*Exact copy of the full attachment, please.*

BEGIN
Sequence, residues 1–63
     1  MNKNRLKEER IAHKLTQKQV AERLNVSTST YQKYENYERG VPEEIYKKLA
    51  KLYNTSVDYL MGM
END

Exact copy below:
Sequence, residues 1–63
     1  MNKNRLKEER IAHKLTQKQV AERLNVSTST YQKYENYERG VPEEIYKKLA
    51  KLYNTSVDYL MGM